FAQs

Why do we need cows in the city?

This is the question the Government wants you to ask, but it is not the right question. We need public open space to be preserved for future generations in a context in which Auckland’s population is booming and the density of the city is intensifying rapidly. Once you sell public open space, it is gone forever. In the meantime, it is cheaper to keep cows on the land than mow it. It is also great for children to meet the animals, and it reminds us of our rural roots!


Why do we need so much green space?

Large green spaces are important for city folks’ state of mind, especially in a growing city like Auckland. The entire city has recently been rezoned to enable higher density housing and soon we will be living on smaller sections and will be more likely to live in apartments. Large green park-like areas in cities, especially close to the coast, will enable us to get out of “the city” without having to go too far. This is especially important for people who cannot afford to regularly holiday out of the city.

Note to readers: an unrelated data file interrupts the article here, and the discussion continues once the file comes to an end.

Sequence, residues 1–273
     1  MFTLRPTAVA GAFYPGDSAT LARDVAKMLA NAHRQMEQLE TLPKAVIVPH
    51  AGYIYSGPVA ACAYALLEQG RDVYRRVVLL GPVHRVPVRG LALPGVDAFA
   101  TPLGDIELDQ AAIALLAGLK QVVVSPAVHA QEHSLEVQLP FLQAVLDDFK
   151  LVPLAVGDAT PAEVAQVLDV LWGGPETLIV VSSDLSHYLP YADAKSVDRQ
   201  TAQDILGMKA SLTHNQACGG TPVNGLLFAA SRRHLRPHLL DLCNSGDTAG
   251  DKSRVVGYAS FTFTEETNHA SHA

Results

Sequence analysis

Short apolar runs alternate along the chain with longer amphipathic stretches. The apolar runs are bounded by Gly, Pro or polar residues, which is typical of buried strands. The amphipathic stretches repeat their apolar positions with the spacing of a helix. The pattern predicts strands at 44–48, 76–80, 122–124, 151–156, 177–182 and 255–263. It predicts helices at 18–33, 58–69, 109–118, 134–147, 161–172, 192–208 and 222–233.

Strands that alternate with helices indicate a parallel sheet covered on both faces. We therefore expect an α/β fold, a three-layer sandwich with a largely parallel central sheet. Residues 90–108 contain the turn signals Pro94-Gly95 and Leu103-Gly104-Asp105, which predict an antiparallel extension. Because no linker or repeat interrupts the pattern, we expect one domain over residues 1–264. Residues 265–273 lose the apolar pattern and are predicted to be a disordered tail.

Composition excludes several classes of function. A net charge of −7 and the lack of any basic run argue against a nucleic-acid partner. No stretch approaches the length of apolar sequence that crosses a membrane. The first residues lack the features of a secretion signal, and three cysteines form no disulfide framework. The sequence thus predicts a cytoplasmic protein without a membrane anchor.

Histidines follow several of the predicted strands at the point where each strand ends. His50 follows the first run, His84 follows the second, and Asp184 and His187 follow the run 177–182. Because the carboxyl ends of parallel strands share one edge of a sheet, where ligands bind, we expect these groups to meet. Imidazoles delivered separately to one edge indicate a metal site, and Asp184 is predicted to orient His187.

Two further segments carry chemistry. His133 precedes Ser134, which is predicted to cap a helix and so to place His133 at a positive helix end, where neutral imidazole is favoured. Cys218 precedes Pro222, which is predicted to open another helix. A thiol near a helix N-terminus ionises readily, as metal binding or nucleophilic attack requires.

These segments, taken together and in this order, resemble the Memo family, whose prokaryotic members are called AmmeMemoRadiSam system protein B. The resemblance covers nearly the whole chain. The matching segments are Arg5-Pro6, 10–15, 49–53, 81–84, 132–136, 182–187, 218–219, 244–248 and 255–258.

Isn’t it selfish of local people, who have a huge park, to object to using a small bit of it for housing?

Our parks and reserves cannot be replaced. Once green space land is lost to development it is lost to future generations of Kiwis. This is also about the rights of people to be consulted about their local communities.  Previous generations recognised the need for reserves and established legal frameworks to protect them, and the rights of people living around them and using them. Government has legislated get around the normal process for revoking Reserve status, which sets a precedent for Reserves everywhere. All open spaces within urban areas are under threat.


What about homeless people living in cars and motels?

Property markets change. There are many solutions that should be pursued before we sell and bulldoze our Reserves. These include better managing immigration,  disincentivising property speculators, increasing the minimum wage, training more builders, investigating the cost of building materials in the local market, increasing density and releasing land on urban fringes. SOR is not tied to any particular solution but considers that the Government should pursue any or all of these avenues before taking Reserves away from local communities.